The acetone factory at Holton Heath represented the first purpose-built industrial plant in the UK designed for the application of biotechnology. The cordite factory was equipped to be self-sufficient in the sulphuric and nitric acids which formed such an essential component of the manufacture process. Acetone was used in the incorporation process to ensure the gelatinisation of the principal ingredients, but war-time shortages of the product led to the Admiralty's adoption of biotechnology to manufacture acetone in sufficient quantities for producing this crucial solvent. Construction here started in late 1916/early 1917, under the direction of Chaim Weizmann (the future president of Israel) who had been involved with the development of fermentation technology before the war. Holton Heath represented the first purpose-built pl ant for the industrial application of biotechnology, specifically built around Weizmann's own discovery of a bacterium which could ferment a starch source directly to ethanol, butanol and acetone. Maize was initially imported from the USA, but during the peak of the U-boat campaign these imports were disrupted and other materials including artichokes, horse chestnuts and even acorns were used as alternatives.

The acetone factory ceased production in the late 1920s and was partly demolished in 1934, leaving two important structures. These are the cooker house and a cluster of concrete fermentation vats (six out of the original eight have survived). In addition, it is possible to trace the foundation of the whole complex on the ground and identify the railway embankment and associated tramlines. The ingredients in the cooker house were mashed on the upper floor, after which it was gravity-fed into six cookers in which the maize was reduced to a mash before being taken to the adjacent fermentation vessels. The latter, although not an early example of reinforced concrete, have national importance for the clear relationship between the application of their plan and form to the nascent and biotechnology industry, one that is now set to revolutionise key aspects of the human experience in the third millenium. The cooker house is a plain steel-framed building with brick infill, which has lost its raised central clerestorey. However, its location, plan form and internal features (most notably the steel frame with the castings for load-bearing beams which carried the mash tuns) clearly relate to a function and origin of world historical importance. None of the infrastructure associated with early (pre-1916) experimentation in this industry has survived, and it is significant that plants modelled on Holton Heath, which in turn borrowed elements from the brewing industry, were later built in Canada, the United States and India.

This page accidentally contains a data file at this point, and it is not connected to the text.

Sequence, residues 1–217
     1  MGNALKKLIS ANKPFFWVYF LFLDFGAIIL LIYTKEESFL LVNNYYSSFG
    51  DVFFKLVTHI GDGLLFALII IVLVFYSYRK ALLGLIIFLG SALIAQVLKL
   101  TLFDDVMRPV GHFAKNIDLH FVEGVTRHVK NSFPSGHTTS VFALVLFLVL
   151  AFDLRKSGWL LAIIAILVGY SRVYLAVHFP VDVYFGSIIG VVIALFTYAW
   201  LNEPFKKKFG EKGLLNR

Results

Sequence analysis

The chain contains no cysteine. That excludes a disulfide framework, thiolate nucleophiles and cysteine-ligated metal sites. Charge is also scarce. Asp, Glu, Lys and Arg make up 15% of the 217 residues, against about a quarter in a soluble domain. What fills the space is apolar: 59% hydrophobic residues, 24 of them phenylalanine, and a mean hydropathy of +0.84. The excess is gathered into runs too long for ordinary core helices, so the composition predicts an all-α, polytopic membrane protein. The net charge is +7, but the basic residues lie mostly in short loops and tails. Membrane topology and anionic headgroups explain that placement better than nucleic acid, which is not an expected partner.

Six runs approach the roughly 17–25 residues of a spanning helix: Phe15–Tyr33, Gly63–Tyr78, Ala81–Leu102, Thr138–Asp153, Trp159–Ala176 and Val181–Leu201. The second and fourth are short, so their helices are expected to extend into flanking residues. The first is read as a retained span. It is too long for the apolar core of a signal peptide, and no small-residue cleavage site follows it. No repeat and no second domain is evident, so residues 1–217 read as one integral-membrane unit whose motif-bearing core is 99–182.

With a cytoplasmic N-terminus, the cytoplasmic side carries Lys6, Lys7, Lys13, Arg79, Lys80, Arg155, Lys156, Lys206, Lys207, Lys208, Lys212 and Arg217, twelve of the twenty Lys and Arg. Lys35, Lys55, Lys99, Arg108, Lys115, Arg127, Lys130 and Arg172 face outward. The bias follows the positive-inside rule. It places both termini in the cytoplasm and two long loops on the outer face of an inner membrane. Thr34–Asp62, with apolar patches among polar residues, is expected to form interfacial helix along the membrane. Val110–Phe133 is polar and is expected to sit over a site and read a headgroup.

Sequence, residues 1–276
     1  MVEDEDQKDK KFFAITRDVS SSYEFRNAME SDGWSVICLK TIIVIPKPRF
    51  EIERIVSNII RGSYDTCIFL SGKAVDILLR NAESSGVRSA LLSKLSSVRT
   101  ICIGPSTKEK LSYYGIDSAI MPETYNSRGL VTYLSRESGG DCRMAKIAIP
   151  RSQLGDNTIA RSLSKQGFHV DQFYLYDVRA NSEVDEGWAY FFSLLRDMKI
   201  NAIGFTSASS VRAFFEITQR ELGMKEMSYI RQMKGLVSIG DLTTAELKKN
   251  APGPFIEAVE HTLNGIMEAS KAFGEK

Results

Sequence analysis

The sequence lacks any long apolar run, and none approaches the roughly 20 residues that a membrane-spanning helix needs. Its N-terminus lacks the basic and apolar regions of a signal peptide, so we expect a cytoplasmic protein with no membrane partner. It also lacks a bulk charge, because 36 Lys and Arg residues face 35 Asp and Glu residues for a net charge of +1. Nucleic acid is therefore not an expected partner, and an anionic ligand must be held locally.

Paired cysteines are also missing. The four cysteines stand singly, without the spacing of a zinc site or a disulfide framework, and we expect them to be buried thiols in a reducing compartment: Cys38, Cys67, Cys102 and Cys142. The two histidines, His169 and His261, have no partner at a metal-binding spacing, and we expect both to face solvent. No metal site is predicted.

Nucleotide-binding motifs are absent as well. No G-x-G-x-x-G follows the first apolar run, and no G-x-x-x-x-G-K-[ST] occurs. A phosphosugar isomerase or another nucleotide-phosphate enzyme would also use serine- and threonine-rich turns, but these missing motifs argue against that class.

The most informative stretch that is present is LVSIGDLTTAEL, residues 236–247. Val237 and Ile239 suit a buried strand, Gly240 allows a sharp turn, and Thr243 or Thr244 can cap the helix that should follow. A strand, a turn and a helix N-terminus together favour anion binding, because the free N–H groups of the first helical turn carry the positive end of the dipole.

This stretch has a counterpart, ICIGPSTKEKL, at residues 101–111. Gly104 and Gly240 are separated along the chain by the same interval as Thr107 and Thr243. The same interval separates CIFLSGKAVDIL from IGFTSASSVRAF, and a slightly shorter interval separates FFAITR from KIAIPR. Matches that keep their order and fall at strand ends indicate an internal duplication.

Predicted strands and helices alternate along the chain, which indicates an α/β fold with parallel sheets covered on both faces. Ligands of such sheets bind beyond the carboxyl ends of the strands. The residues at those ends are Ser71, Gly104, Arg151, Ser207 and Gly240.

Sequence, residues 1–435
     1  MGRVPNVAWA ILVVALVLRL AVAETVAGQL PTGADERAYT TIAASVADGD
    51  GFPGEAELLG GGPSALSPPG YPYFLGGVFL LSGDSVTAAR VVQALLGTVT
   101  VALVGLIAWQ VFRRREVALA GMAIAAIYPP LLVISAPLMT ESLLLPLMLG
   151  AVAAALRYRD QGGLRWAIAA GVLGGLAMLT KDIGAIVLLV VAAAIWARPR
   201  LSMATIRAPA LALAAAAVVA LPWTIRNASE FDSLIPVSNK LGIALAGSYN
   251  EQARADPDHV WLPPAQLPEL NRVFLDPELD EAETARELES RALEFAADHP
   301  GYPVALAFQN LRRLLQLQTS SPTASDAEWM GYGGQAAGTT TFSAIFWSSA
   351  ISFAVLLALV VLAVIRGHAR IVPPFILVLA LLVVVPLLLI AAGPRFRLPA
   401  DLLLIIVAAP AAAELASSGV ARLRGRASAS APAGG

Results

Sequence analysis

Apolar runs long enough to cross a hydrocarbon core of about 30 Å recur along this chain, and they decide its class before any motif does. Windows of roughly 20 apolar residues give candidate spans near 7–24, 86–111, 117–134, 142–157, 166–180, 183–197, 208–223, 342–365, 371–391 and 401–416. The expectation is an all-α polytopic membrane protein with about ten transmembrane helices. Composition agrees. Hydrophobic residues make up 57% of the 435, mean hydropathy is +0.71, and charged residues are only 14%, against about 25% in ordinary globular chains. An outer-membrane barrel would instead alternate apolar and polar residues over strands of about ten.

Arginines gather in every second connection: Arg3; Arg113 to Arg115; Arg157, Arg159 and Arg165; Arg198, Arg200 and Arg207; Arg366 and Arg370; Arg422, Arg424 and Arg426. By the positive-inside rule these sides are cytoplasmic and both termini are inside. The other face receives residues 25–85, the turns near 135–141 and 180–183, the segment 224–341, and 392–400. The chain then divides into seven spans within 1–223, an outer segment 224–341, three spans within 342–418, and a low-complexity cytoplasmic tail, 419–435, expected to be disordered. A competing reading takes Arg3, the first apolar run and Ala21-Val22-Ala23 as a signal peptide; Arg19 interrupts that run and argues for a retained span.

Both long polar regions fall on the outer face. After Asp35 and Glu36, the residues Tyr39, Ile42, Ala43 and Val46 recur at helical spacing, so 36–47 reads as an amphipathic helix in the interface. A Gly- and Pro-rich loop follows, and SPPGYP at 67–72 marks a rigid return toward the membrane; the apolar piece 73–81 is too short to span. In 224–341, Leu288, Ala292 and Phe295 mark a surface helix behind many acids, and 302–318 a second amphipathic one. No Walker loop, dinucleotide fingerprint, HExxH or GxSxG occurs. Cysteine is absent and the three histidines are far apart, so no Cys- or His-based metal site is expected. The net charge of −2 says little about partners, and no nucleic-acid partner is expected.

(M R Bowditch and L Hayward, A Pictorial History of the Royal Naval Cordite Factory, Holton Heath, Wareham, 1996; W Cocroft, Dangerous Energy (draft text, unpublished), RCHME)





Listing NGR: SY9458490421

Selected Sources

Books and journals
Bowditch, M R, Hayward, L , A Pictorial History of the Royal Naval Cordite Factory, Holton Heath, (1996)
Cocroft, W, Dangerous Energy The Archaeology of Gunpowder and Military Explosives Manufacture, (2000)

National Grid Reference: SY 94584 90421

Map

Map
© Crown Copyright and database right 2017. All rights reserved. Ordnance Survey Licence number 100024900.
© British Crown and SeaZone Solutions Limited 2017. All rights reserved. Licence number 102006.006.
Use of this data is subject to Terms and Conditions.

The above map is for quick reference purposes only and may not be to scale. For a copy of the full scale map, please see the attached PDF - 1382118 .pdf

The PDF will be generated from our live systems and may take a few minutes to download depending on how busy our servers are. We apologise for this delay.

This copy shows the entry on 20-Nov-2017 at 09:49:43.

End of official listing